"Having posted a comment earlier (and waiting and trusting it to appear on RealClimate) I take the opportunity to express my gratefulness to RealClimate and its contributors, for hosting and disseminating some of my thoughts and ideas. A couple of comments that I posted in another occasion were very kindly received and replied in RealClimate (even though they might be different from the majority of ideas I read in RealClimate) and subsequently widely read and disseminated. I really appreciate this, particularly because I have experienced difficulties in publishing my ideas (including some of the articles I mentioned in my earlier comment..."
Which is one reason I recommended that even AGW skeptics look in there occasionally.
My take watching the discussion is that the vast majority of the professional science researchers on RC are pleased by the appearance of a skeptic who is not a fool or a crank, and delighted at the opportunity for the rest of us to watch the way in which real scientific discussion and debate is conducted by real scientists.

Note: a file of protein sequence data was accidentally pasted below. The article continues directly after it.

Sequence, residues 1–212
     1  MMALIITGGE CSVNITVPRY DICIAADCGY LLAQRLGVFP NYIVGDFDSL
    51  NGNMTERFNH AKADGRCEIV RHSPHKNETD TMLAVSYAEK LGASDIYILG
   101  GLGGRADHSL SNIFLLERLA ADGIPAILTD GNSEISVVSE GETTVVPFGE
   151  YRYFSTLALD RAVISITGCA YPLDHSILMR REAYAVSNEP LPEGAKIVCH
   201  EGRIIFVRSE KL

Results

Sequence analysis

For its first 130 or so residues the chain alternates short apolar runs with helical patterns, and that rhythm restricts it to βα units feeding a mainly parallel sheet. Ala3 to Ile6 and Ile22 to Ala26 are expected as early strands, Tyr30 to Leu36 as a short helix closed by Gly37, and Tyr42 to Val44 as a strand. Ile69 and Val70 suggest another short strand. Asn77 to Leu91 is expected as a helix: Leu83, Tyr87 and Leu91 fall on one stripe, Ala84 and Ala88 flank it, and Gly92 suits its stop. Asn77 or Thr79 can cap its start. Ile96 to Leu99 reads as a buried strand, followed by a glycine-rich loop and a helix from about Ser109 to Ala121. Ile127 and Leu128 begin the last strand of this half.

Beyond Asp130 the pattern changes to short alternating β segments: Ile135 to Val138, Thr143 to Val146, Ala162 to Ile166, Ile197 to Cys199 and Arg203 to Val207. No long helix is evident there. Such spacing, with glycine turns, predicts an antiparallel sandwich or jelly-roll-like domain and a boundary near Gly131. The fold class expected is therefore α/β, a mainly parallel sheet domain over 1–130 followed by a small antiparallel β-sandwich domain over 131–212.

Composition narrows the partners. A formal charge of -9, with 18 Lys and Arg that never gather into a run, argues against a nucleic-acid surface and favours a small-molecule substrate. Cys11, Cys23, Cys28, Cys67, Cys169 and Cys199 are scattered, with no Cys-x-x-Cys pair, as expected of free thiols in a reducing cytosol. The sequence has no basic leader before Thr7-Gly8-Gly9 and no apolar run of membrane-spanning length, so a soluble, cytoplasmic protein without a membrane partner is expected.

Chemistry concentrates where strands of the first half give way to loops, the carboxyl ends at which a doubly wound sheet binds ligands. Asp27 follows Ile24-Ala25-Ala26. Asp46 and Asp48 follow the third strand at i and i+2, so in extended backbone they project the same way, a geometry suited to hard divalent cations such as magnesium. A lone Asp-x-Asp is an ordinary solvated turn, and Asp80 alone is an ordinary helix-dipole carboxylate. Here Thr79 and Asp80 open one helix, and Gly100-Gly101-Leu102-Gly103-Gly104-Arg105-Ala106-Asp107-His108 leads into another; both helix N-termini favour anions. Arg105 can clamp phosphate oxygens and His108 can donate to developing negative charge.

As for his analysis, and the discussion, it's well beyond my ability to evaluate, what is clear is that a) the professional climate-research contingent over on RC regard him as a peer and take his views seriously, and that 2) they think that though he raises very interesting questions, his general conclusion are unwarranted.
I would note, though, that this is another example of someone from outside the climate science community arriving on the scene to announce that everyone else has got it all wrong, and that the track record of such skeptics to date had been very poor.
You also need to keep in mind that this is a criticism of the modeling process, not the underlying atmospheric physics and chemistry which predict global warming - if you asked him if he believed that our understanding of atmospheric physics and chemistry should lead us to suppose that "greenhouse effects" are considerably heating the atmosphere, my guess is that he would say "Oh yeah. Sure, no question...".
The situation is sort of like mathematical modeling of what happens to the occupants of an automobile in collision: you can question the adequacy of the modeling, but that doesn't alter your understanding of the overall practical result based on your understanding of physics and biology- in fact to the extent that or modeling does not allow us to accurately and reliably predict the consequences of increases in atmospheric carbon dioxide and other greenhouse gases, that makes the situation more worrisome, not less.